Home & Garden

Kenwick Bungalow Tour features nine homes (published in 2011)

The mailbox next to Engel's front door is a wicker basket that belonged to her mother.
The mailbox next to Engel's front door is a wicker basket that belonged to her mother.

Three years ago, Beth Engel was looking for a home that was smaller than her 5,000-square-foot house on South Ashland Avenue.

Engel and her daughters wanted to stay near downtown, close to Chevy Chase and to Wilson's Market on Cramer Avenue. As soon as she walked into the house at 131 Owsley Avenue, "I was at home," she said.

The Engel house is one of nine that will be open Sunday for the Kenwick Bungalow Tour. The Kenwick neighborhood, now a blend of traditional and modernized homes and gardens, was founded in 1909, built on the Wickliffe land holdings that once were the Ellerslie estate.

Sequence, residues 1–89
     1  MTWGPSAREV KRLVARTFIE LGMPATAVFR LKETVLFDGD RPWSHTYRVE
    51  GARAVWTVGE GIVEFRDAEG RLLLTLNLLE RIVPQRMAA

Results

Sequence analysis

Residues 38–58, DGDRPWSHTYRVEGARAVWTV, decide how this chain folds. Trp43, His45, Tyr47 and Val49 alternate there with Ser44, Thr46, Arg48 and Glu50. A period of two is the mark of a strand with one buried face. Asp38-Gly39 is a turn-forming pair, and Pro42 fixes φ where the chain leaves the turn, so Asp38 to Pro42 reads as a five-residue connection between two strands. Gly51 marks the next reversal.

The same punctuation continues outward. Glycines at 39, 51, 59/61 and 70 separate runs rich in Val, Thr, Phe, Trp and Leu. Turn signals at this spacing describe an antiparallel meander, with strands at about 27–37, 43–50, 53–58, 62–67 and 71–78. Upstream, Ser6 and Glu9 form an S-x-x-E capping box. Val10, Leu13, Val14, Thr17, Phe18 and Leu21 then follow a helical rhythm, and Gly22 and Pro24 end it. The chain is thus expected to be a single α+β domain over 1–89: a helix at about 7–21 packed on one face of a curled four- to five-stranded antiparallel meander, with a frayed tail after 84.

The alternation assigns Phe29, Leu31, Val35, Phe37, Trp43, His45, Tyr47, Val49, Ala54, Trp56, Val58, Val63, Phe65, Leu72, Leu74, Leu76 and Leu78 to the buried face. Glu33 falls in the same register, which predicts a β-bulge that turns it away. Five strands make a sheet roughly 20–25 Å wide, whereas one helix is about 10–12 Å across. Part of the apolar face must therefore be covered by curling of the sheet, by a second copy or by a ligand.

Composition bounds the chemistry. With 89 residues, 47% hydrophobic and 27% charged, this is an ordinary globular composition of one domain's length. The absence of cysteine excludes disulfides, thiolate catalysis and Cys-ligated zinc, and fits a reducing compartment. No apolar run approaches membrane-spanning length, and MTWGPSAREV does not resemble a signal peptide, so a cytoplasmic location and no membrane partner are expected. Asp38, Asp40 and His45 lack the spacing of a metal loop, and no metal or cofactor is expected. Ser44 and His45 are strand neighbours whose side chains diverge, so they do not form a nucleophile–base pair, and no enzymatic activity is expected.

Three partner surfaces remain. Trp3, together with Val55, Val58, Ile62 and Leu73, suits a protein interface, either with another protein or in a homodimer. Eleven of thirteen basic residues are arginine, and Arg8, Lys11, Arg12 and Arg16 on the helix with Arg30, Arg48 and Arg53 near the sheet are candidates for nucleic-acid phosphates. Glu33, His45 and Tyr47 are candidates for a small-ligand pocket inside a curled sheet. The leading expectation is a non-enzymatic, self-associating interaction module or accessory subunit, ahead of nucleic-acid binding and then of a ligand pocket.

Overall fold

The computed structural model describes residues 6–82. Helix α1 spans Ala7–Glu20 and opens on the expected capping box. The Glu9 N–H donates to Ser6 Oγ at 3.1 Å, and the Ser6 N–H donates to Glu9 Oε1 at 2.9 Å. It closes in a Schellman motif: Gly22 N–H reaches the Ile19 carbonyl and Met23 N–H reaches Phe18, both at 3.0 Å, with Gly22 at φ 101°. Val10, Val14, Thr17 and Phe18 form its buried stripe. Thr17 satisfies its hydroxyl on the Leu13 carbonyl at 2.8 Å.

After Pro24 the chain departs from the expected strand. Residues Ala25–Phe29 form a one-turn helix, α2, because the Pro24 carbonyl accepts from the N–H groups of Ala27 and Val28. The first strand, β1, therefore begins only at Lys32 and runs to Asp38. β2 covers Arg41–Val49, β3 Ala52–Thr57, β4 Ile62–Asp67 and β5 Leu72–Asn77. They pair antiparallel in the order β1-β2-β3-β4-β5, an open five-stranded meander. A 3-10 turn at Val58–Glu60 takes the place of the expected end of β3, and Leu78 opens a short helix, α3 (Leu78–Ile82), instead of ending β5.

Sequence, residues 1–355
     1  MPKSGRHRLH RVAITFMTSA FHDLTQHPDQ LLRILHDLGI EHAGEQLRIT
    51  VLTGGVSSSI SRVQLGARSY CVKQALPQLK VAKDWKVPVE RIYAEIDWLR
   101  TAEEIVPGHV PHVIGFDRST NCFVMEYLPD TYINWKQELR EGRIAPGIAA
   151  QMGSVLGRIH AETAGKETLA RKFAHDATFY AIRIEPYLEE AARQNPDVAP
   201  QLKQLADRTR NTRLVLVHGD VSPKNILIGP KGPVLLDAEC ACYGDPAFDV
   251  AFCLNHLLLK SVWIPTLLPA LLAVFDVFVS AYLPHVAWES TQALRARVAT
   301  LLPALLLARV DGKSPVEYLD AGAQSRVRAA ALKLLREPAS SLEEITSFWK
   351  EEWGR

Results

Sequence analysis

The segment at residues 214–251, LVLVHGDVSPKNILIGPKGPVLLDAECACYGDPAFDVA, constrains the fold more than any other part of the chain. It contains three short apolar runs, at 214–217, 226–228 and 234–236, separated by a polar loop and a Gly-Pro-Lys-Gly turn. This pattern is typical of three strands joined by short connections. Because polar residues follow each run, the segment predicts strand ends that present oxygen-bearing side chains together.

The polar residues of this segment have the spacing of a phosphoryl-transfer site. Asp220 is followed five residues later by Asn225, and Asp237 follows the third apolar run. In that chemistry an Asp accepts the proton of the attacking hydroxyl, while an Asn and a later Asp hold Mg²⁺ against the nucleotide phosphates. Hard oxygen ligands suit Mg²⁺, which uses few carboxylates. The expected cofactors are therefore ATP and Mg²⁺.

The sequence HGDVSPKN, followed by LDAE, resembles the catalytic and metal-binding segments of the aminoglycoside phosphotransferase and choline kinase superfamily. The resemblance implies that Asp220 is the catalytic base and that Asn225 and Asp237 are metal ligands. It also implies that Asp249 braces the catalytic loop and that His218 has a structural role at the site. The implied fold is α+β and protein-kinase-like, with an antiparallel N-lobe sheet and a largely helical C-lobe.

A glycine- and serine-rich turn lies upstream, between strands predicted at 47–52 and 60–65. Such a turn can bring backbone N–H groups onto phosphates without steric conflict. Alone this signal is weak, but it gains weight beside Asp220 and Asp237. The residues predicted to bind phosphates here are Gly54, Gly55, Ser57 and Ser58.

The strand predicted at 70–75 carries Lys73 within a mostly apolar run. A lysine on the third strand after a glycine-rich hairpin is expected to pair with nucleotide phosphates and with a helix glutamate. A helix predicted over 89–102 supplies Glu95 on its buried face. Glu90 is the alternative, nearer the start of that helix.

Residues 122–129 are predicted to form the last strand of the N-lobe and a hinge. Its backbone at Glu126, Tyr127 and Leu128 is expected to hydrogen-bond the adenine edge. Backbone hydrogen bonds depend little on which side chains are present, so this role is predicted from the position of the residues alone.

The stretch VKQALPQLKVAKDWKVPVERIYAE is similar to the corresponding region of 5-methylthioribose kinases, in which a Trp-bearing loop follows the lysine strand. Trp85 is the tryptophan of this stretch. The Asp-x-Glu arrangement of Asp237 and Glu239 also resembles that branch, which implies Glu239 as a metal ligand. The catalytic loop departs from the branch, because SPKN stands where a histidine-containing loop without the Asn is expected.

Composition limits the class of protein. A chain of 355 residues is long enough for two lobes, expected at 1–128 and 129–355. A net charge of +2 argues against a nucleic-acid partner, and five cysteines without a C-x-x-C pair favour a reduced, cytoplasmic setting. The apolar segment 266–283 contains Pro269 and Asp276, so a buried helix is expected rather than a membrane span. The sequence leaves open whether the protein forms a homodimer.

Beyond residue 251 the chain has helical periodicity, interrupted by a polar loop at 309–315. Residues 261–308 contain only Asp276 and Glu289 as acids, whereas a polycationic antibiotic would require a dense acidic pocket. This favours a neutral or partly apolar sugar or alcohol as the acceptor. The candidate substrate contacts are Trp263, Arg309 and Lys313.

Engel's house is a 1920s Craftsman style.

"It's a much smaller home than we were used to, but that was a blessing in disguise," she said. "What didn't fit went out to charity. The previous owners did so much with upgrades, and they had wonderful taste. So all we really needed to do was paint to our taste and move our furniture in."

Engel is passionate about the yard and garden. There's a 200-year-old pin oak in the back yard, along with transplanted hostas from her grandmother's original 1960s garden in Poynette, Wis. The plants have traveled with Engel on every move. Engel was given a butterfly bush when her first daughter, Elizabeth, now 17, was adopted from China. Engel has another daughter, Jacquelyn, 14.

There's a great deal of family history in the Engel house.

"The butler's secretary in the living room was my great-grandmother's, who immigrated to the United States from Scotland," she said. "Her father used it at his home in Glasgow. He was a ship's captain, so it held numerous journals of his oceanic journeys.

"The cedar chest in the master bedroom was built by my father in 1949 for his mother in high school shop class in Wisconsin."

During the tour, refreshments will be served on the lawn of the neighborhood's oldest house, at 116 Lincoln Avenue.

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